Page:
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DNA melding into phylogenetic tree

New Penn State center focuses on the rule breakers of the plant world

27 July 2020
dodder covers a field of its host plants
The parasitic plant dodder (yellow) parasitizes a wide range of agriculturally important plants. Credit: Claude dePamphilis

The world’s largest formal group of researchers studying parasitic and carnivorous plants can be found at Penn State, thanks to the new Center for Parasitic and Carnivorous Plants within the Huck Institutes of the Life Sciences. The center, which was formalized in 2019, brings together researchers from across the University, including five from the Eberly College of Science, who use a variety of interdisciplinary techniques to study these curious plants. 

“Parasitic and carnivorous plants are the rule breakers of the plant world,” said Claude dePamphilis, professor of biology and director of the center. “They are extraordinarily interesting organisms that push many of the boundaries that we normally associate with plants. Studying them allows us to understand how we might revise these rules and expand our understandings of how plants really work.”

Many parasitic and carnivorous plants do not have the leaves and roots typically associated with plants and instead have highly specialized structures to siphon off nutrients from other plants or to trap and eat animals. Some have completely lost their ability to photosynthesize, which is usually considered a fundamental characteristic of plants. Parasitic plants have the largest genomes of known plants, and carnivorous plants have the smallest, which poses interesting questions about how these types of plants evolved.

The center’s members study these rule breakers from a variety of perspectives, from the basic biology and molecular and cellular function to the evolution of their unique structures to their interactions with microbes and other animals.

“Everyone in the center brings their own perspective and deep, specialized interest,” said Michael Axtell, professor of biology and a member of the center. “By bringing together such a broad group of collaborators who are open minded enough to look outside the narrow box in which they spend most of their days playing, really cool things can happen.”

While understanding how these extremely unusual plants function and evolve is fascinating from a biological perspective, carnivorous and parasitic plants also have important economic value. For example, many carnivorous plants are popular ornamentals, but others are rare or endangered species.

“The specialized habitats that carnivorous plants live in are especially fragile, being susceptible to effects like pollution,” said Tanya Renner, assistant professor of entomology and a member of the center. “Therefore, the plants themselves can also act as indicators of ecosystem health.” 

Renner is especially interested in the origin, evolution, and regulation of the digestive enzymes that carnivorous plants use to acquire essential nutrients from nonsoil sources, primarily insect prey.

On the other hand, many parasitic plants, like Striga (also known as witchweed) and Cuscuta (also known as dodder), are major agricultural pests. Center member and Assistant Professor of Biology Jesse Lasky studies host adaptations to Striga, which is one of the greatest threats to food security in Africa, while Axtel and dePamphilis study the exchange of genetic material between Cuscuta and its host.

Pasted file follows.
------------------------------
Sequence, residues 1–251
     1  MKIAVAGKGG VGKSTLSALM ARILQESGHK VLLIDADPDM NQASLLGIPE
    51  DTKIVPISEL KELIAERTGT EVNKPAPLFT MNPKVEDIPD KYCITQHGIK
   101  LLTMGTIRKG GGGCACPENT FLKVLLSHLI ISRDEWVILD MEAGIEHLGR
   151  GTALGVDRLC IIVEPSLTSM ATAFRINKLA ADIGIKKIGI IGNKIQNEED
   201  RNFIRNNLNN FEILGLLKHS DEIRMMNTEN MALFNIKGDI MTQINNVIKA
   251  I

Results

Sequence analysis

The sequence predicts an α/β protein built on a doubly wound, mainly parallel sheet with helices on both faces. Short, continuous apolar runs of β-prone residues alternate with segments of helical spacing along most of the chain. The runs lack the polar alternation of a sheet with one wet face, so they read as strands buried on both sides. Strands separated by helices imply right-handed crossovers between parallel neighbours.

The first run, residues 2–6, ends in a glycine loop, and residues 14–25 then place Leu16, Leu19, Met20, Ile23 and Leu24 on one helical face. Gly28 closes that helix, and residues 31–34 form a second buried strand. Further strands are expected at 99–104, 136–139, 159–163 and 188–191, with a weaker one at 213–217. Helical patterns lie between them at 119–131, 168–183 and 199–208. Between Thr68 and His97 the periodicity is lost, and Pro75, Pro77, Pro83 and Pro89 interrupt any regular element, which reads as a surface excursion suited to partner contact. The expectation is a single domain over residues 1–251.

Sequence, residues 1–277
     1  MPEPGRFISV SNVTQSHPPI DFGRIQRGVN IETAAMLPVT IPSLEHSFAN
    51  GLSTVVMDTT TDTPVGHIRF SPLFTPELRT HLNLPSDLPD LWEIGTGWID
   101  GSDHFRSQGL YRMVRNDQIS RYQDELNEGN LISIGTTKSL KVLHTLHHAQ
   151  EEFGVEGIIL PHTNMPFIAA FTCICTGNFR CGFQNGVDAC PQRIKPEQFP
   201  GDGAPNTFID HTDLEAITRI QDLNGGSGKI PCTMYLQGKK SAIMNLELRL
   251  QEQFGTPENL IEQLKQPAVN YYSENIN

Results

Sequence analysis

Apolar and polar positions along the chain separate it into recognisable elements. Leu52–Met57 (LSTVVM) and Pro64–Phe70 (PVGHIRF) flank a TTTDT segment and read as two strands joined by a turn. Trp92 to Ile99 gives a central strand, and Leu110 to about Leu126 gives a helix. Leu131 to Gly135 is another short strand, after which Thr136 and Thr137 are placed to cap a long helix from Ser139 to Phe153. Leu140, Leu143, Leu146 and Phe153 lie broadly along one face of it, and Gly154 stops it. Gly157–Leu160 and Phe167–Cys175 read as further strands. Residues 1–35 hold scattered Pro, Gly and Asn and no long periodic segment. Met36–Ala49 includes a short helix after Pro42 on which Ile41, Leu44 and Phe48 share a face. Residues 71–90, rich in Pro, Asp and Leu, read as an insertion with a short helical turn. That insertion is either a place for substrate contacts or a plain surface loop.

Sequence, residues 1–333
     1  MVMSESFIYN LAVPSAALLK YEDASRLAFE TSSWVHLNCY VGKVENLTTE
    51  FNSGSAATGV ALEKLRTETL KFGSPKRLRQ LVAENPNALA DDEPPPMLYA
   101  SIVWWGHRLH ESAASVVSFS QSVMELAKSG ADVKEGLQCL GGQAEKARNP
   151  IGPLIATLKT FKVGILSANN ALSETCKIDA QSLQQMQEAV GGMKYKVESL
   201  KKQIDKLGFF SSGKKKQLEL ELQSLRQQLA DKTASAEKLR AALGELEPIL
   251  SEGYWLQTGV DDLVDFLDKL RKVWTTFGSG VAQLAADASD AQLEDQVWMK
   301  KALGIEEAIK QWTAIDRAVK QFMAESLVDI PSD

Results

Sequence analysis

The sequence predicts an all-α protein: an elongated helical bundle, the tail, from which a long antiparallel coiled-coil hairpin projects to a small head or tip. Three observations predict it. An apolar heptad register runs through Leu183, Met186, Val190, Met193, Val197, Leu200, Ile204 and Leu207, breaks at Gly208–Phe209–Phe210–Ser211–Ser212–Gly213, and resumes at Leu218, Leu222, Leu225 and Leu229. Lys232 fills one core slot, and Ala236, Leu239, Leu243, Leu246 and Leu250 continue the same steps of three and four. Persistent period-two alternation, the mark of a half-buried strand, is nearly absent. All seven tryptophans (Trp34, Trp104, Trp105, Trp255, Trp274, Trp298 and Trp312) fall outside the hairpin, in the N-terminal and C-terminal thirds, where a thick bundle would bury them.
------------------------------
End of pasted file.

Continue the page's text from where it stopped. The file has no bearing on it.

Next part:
Kelly and dePamphilis with parasitic plant
The quarantine facility allows Penn State researchers like graduate student Elizabeth Kelly and Claude dePamphilis to study parasitic plants like dodder, pictured here growing on a Coleus plant. Credit: Nate Follmer

To support the study of agriculturally dangerous parasitic plants like Striga and Cuscuta, dePamphilis championed the creation of a quarantine facility at Penn State. With support from multiple colleges and especially the Eberly College of Science and the Department of Biology, the USDA-regulated growth and containment facility opened in 2019. In addition to highly controlled growth- chamber space, the facility contains two sets of automatic, magnetically locking doors, and negative airflow pushing air and any tiny seeds from the parasitic plants back into the room so they cannot escape the lab.


“We’ve been growing parasitic plants in our greenhouses for decades now, but now we are able to grow plants like Striga and Orobanche, which are devastating problems in agriculture around the world,” said dePamphilis. “And that’s allowed us to jump-start some new kinds of research that we were unable to do previously.”

The formalization of the center not only fosters interactions across the University but also provides financial support for training and to bring in visiting seminar speakers. The center plans to sponsor workshops that focus on integrative methods to study these plants.

“We also hope the center will provide a good training environment for graduate students and postdoctoral researchers,” said Axtell. “By being exposed to a wide range of research expertise, their training is a little more holistic than it might otherwise be. Just being able to meet regularly and not being siloed in your lab or to the floor of your building can make a big difference in training. You can see things from different perspectives, which could lead to a real breakthrough.”

Other center members include Associate Professor of Biology Charles Anderson, Associate Professor of Biology Tomas Carlo-Joglar, and Assistant Professor of Plant Science Francisco Dini-Andreote.